Cedrus libani - Cedar of Lebanon

Common Name: Cedar of Lebanon

Scientific Name: Cedrus libani

Primary Source References

1805 October 26. (Jefferson to Madame de Tessé). "Were it not for this [irregularities on the ocean by belligerent powers], I would ask you to send me by some occasion...some seeds of the Cedrus Lebani which you have in the Jardin des plantes...but I should only expose myself to the mortification of losing them."[1]

1807 April 11. "Nursery. begun in bed next the pales, on the lower side, where Gen. Jackson's peaches end to wit within 2. f. of the 4th. post from the S.E. corner...3. Decrus Libani. Cedar of Lebanon, 2. rows...seeds recd. from Doct Gouan at Montpelier."[2]

1808 March 2. "Pd. Holt for 4 cones of Cedar of Lebanon 1.D."[3]

1810 January 13. (Jefferson to Bernard McMahon). "the Cedar of Lebanon & Cork oak are two trees I have long wished to possess. but, even if you have them, they could only come by water, & in charge of a careful individual, of which opportunities rarely occur."[4]

1811 March 10. "Plants. Cedar of Lebanon."[5]

1812 February 16. (Jefferson to Bernard McMahon). "never expecting so good an opportunity again, & so seasonable a one, I will still add a little to my former wants so as to put me in possession once for all of every thing to which my views extend, & which I do not now possess....Cedar of Lebanon."[6]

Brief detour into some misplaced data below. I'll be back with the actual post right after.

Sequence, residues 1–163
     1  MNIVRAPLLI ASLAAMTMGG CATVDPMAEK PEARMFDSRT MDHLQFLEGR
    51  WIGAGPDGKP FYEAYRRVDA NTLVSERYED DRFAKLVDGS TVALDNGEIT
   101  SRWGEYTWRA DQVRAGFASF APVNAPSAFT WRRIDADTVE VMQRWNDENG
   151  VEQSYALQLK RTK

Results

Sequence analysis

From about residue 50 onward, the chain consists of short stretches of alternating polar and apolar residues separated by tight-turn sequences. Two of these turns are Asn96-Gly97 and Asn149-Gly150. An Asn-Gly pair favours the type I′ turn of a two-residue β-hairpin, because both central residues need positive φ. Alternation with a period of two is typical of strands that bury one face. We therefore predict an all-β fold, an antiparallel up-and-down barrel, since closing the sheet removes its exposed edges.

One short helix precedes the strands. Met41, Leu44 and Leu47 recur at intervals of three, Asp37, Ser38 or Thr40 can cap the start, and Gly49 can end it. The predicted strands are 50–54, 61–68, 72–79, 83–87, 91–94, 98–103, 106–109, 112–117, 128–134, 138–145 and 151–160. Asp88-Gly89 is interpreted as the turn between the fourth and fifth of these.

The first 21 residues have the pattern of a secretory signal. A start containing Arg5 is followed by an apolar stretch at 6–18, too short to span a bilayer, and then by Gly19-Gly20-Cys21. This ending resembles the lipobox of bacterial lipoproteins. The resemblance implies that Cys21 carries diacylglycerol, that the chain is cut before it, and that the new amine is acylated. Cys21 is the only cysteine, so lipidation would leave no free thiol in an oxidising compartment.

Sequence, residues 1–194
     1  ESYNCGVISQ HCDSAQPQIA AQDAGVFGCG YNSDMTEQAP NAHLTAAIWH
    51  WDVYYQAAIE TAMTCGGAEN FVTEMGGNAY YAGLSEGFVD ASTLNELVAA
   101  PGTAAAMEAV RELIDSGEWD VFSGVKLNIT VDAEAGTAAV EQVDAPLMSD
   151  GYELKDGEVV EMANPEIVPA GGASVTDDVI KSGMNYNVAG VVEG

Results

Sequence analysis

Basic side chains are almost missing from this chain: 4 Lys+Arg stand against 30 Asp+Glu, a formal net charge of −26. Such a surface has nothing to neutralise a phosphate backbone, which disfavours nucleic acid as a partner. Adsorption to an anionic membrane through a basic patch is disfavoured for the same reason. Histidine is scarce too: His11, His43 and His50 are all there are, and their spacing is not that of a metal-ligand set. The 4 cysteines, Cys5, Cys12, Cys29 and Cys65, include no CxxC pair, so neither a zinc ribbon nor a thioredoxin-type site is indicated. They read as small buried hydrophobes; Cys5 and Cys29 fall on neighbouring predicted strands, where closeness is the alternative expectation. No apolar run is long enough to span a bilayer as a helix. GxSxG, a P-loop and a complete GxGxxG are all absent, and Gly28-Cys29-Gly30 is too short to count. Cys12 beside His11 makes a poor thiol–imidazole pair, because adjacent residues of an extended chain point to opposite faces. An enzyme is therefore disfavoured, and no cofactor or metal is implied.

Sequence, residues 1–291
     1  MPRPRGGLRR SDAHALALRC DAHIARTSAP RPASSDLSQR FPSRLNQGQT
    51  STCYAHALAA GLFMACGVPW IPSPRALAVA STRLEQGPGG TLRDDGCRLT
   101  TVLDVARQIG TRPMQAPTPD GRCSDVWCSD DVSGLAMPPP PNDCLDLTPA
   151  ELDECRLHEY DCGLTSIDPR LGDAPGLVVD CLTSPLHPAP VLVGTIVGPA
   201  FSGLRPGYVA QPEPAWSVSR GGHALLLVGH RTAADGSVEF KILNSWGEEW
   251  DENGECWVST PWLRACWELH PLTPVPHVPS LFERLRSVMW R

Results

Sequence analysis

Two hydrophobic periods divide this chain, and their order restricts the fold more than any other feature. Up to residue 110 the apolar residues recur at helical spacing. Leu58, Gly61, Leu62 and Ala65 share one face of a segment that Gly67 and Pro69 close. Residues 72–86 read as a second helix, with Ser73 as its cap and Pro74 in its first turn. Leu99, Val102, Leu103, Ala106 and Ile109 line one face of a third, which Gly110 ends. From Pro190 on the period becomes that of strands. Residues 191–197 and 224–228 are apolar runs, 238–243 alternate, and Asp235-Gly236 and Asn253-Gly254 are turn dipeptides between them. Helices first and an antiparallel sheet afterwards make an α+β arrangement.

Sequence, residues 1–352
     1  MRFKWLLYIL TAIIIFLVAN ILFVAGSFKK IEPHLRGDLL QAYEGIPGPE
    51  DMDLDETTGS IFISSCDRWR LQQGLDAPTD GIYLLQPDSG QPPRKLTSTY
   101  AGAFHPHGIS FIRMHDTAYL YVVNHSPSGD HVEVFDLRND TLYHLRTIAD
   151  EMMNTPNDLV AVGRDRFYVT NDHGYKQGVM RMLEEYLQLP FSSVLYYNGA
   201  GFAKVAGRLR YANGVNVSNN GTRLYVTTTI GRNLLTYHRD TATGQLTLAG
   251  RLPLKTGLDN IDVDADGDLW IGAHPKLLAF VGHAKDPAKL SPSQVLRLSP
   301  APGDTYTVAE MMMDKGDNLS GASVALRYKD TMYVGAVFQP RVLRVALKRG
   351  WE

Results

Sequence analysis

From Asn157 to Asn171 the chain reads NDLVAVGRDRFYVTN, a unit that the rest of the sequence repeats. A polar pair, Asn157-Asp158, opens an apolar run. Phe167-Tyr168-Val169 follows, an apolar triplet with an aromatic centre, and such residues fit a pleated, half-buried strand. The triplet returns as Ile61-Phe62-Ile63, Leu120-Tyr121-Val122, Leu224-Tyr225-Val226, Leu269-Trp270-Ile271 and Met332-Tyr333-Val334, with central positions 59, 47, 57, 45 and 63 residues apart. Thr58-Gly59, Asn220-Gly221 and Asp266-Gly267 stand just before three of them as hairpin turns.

1812 March 21. "Nursery. 9th [terras]. [planted] Cedar of Lebanon...thro the whole...All these were sent me from Edinburgh by Mr. Ronaldson."[7]

1812 April 2. "Planted in the old boxes No...13. Cedar of Lebanon."[8]

1812 November 2. (James Ronaldson to Jefferson). "I am sorry at not having it in my power to give you some of the European Ash, Scots fir, Silver fir, cedar of Lebanon &c &c having handed all that class over to Mr McMahon, with him however they will be in good keeping; and have the best chance of being introduced into the Nation"[9]

1826 April 27. (Jefferson to P. Emmet). "The trees I should propose [for the University of Virginia botanical garden] would be exotics of distinguished usefulness, and accommodated to our climate; such as the Larch, Cedar of Libanus...Cones of the Cedar of Libanus are in most of our seed shops, but may be had fresh from the trees in the English gardens..."[10]

Further Sources

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